Businesses join battle against cyber crime
Thursday, August 29, 2013 5:43 AM
OTTAWA - Over a decade ago during the early stages of the Intenet, nearly all online businesses were companies with a vested interest in all things computer. Today, most businesses have some web presence, whether it be a simple web page that is little more than a bookmark, to a company that exists virtually online. And just as there are burglars who break into main street storefronts, there are criminals who prowl cyberspace in search of easy marks.
Last Friday, Ottawa Chamber of Commerce and the Putnam County Educational Service Center invited large and small business representatives to a cyber security seminar hosted by Congressman Bob Latta (OH-5). Latta serves on the Energy Commerce Committee in Washington, D.C. As such he is privvy to sensitive information on a national level. During the Aug. 23 presentation, the legislator shared some a of the extreme precautions that must be taken to preserve national security.
"My committee also has jurisdiction over telecommunications. I've served on two cyber security task forces in the House. When we go into confidential meetings in Washington, we have to give up our cell phones because those can be turned on when you're in meetings and you don't even know it. Since you can't take the battery out of most cell phones, you're stuck. You have all these little envelopes with numbers in them. We just hand off everything that is electronic, then we come back out, hand them our numbers and we get our cell phones back."
As many of his constituents are in the business of developing innovative products and technology, Latta sought to bring the message of cyber vigilance back to his Ohio district.
"I met with the FBI effort in Washington. I said, 'we shouldn't be the only ones receiving this information. We need to get this out.' They said 'we can get you in contact with special agents in Ohio. That's how it came about. I met with the special agents who are here today."
The "Combating Cyber Crime: How to Protect Your Business Online" seminar features presentations by Federal Bureau of Investigation agents and Internet security specialists from the private sector. Prior to Friday's event, the seminar was held at Ohio Northern University, Owens Community College and Northwest State Community College in Archbold.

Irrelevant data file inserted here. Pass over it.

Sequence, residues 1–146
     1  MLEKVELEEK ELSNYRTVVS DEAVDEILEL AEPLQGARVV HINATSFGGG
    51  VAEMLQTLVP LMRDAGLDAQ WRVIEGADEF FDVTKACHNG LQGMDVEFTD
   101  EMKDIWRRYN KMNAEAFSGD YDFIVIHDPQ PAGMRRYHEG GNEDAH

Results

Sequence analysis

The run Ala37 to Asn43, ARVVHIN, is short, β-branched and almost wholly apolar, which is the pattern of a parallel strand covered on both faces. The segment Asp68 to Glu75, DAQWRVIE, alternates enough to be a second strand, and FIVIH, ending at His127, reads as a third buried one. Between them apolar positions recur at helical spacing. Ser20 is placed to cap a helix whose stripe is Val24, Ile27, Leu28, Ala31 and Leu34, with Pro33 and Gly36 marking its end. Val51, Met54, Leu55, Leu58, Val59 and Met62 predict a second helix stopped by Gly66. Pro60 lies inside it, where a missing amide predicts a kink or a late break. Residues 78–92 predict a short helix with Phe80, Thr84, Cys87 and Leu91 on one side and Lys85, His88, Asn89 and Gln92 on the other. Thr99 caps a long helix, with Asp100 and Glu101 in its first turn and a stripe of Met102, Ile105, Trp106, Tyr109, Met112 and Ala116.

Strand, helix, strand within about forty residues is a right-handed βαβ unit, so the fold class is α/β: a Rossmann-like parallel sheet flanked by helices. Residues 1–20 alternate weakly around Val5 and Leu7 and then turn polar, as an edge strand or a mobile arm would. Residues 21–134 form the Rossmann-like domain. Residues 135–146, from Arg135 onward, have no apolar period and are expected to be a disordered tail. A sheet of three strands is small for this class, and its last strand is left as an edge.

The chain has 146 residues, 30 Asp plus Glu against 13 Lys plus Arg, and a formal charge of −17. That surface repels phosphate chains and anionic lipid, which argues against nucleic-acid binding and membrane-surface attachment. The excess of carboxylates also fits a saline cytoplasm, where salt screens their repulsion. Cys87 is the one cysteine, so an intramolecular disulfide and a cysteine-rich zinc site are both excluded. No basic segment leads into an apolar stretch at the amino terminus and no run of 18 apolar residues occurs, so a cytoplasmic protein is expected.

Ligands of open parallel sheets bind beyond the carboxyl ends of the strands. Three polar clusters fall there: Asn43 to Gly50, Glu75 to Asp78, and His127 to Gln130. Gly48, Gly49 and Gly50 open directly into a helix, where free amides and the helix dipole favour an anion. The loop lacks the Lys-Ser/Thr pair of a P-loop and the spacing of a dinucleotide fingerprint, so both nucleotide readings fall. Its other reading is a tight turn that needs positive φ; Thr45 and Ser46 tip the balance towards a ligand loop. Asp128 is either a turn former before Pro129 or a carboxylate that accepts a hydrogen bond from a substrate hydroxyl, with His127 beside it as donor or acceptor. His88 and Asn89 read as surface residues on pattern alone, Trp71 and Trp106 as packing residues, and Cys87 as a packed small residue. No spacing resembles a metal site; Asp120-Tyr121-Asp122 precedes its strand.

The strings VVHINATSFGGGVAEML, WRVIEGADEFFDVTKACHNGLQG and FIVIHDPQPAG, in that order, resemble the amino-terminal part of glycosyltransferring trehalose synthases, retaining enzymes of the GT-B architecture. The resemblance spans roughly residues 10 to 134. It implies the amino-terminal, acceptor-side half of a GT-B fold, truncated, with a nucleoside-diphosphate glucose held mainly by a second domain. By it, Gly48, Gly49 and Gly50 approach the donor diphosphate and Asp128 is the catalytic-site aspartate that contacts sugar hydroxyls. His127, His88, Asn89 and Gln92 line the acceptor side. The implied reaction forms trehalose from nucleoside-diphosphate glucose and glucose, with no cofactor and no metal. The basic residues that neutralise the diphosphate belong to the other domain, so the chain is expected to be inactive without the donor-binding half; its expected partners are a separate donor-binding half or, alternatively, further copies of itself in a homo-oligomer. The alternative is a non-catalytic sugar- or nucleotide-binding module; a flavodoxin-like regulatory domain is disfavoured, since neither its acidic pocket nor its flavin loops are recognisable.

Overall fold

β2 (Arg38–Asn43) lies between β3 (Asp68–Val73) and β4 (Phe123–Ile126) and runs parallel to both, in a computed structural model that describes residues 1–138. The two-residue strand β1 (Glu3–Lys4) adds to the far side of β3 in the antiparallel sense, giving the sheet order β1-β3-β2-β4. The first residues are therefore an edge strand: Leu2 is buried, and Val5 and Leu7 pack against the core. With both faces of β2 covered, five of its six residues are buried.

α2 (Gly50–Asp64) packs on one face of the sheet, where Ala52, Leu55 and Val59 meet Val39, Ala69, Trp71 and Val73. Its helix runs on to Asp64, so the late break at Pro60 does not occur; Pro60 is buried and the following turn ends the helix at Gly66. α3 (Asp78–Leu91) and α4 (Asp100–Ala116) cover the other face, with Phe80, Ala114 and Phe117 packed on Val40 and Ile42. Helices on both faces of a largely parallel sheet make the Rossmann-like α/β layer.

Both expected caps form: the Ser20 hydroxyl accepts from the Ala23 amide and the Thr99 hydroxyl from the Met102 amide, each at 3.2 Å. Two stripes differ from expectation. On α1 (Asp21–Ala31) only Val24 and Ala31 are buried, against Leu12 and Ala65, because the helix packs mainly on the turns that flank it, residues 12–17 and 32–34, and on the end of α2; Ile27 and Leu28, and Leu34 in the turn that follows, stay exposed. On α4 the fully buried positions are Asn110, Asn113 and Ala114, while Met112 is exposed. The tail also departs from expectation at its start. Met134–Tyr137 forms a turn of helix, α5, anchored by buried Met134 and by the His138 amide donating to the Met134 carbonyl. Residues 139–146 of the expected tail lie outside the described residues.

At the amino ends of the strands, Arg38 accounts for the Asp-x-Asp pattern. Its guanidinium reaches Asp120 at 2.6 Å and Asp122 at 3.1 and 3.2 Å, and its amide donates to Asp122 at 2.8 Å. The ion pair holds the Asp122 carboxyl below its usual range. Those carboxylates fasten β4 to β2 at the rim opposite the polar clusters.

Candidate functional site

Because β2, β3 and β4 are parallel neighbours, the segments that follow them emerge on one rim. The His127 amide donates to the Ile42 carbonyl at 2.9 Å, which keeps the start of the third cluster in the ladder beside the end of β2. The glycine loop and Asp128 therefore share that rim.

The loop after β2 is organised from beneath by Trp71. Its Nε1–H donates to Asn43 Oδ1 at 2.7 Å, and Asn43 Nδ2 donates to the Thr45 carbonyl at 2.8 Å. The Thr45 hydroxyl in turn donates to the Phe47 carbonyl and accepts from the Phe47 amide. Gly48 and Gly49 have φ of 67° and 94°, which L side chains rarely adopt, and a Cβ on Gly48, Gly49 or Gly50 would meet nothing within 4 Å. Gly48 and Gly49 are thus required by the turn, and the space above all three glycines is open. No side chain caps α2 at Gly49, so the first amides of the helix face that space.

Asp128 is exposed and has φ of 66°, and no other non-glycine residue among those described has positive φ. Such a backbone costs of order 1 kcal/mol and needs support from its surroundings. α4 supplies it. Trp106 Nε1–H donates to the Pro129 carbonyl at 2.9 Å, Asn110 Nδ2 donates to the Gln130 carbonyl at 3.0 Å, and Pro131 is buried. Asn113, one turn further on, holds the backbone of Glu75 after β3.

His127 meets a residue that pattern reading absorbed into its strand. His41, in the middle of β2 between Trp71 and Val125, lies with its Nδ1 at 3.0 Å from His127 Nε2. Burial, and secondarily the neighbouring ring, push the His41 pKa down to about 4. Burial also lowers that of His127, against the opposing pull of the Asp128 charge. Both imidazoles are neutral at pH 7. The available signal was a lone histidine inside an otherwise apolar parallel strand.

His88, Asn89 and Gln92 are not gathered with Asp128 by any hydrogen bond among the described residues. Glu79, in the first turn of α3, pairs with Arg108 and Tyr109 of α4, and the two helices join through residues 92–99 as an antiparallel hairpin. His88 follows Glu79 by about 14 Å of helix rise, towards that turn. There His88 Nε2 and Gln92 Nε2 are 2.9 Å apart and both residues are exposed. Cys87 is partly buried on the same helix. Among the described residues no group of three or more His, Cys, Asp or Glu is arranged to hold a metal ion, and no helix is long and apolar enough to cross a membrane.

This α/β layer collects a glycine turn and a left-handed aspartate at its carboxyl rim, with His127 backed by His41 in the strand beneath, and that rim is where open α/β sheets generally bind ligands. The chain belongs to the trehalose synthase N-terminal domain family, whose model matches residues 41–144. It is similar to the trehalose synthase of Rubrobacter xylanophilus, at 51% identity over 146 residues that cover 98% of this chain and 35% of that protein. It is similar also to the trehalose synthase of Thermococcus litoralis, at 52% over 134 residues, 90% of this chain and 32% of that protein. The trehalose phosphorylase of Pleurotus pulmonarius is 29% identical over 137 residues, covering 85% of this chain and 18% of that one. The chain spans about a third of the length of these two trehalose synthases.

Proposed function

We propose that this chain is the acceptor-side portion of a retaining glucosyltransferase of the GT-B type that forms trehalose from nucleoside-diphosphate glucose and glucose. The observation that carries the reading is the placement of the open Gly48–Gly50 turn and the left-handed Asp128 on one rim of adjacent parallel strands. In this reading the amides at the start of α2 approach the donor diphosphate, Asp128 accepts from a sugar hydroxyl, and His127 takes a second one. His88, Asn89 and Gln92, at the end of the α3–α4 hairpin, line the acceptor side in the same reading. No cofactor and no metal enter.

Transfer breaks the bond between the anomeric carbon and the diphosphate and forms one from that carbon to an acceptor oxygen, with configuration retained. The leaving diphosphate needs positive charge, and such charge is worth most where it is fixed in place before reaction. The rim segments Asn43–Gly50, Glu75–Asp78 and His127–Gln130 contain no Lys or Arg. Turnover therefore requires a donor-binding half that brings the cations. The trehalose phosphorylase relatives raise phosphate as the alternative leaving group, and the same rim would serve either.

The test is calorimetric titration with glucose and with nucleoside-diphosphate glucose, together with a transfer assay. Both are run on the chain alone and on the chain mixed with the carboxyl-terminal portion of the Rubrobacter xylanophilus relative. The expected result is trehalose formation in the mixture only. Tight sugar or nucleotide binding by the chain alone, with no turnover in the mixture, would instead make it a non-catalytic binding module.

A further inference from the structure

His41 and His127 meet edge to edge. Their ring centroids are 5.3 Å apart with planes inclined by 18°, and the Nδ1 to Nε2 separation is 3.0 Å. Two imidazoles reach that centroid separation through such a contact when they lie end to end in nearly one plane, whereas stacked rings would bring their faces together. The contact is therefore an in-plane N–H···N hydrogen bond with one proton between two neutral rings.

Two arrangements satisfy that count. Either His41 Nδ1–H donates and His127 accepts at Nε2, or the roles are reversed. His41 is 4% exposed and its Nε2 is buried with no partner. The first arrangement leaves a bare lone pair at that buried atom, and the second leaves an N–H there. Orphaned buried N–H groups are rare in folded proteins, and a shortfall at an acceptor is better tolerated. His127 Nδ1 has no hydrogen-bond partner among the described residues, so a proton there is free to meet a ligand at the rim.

Ottawa Chamber of Commerce has been trying to bring the seminar to Putnam County since January 2013. It was initially open only to chamber members then seats were made available to other businesses. Latta opened the morning at the Putnam County ESC with a broad overview of cyber crime as well as words of caution.
"Unfortunately, this is something that a lot of people don't think about. You sit down at your computer and all of a sudden you could have all of your information stolen. And I can tell you this. By the time you get done with this today you'll be as paranoid as me. I put black electrical tape over the screen that has the camera at home when its turned on. You'll go home and think you'll get in trouble with the EPA if you start to go back to using smoke signals."
According to Latta, cybercrime is costing this country alone about $110 billion dollars every year. He noted the attacks are coming from China, Russia, Iran and North Korea.
"A lot of people out there think 'I'm a small business owner, I don't have anything to worry about.' A lot of times those are the ones they're looking for, because you're the beginning of the chain."
Lynn Childs, co-founder of CentraComm, a Findlay-based managed IT security and network services provider, confirmed that 50 percent of targeted attacks are on small business. She explained that criminals employ three primary methods to steal: phishing, spyware and malware.
Phishing criminals typically send an e-mail that looks as if it is from a legitimate source, usually a financial institution, but contains a link to a fake web site that replicates the real one. Spyware is installed unbeknownst to the user and gathers information about that user's browsing habits, intercepts personal data and transmits this information to a third party. Malware is a computer program designed specifically to damage or disrupt a system, or take partial control over its operation. Despite Apple's marketing efforts to convince Internet users that their products are immune to viruses, Childs warns that 600,000 instances of recent cyber theft resulted from attacks on Apple devices.
Childs suggests all suspicious email sources be verified by the recipient. Simply copy the originating website address and paste it into a search at consumerfed.org/fraud. Childs did so with an email supposedly sent to her from retail giant Wal-Mart. The email actually originated from Pakistan.FBI special agents from Cleveland and Toledo added true stories of counterintelligence gathering on business class air flights, social networks, and mobile devices. The theft of data, emerging technology, identity and revenue results in global costs in the trillions.
Local businesses represented have their own concerns about online security. Deb Spero, Imaging Consultants of Findlay, recalled a scare from this summer.
"I had some Internet issues with Time Warner. I called and they needed access to my computer. I gave them access. The next week, my corporate email was down for eight days. It just makes you wonder. I've learned so much today about how easy it is, how foolish that I trusted, you know, in asking "Are you working for Time Warner, are you a subcontractor? 'Oh no, don't worry.' Isn't it a coincidence that the next day, for eight days, our corporate email was a wreck."
Kim Reese, an associate vice president for First National Bank of Pandora, attended the seminar with a the-more-you-know attitude.
"We have had customers who have been victims of phishing incidents. Anything that we can do to help protect and educate our customers we're interested in learning more about."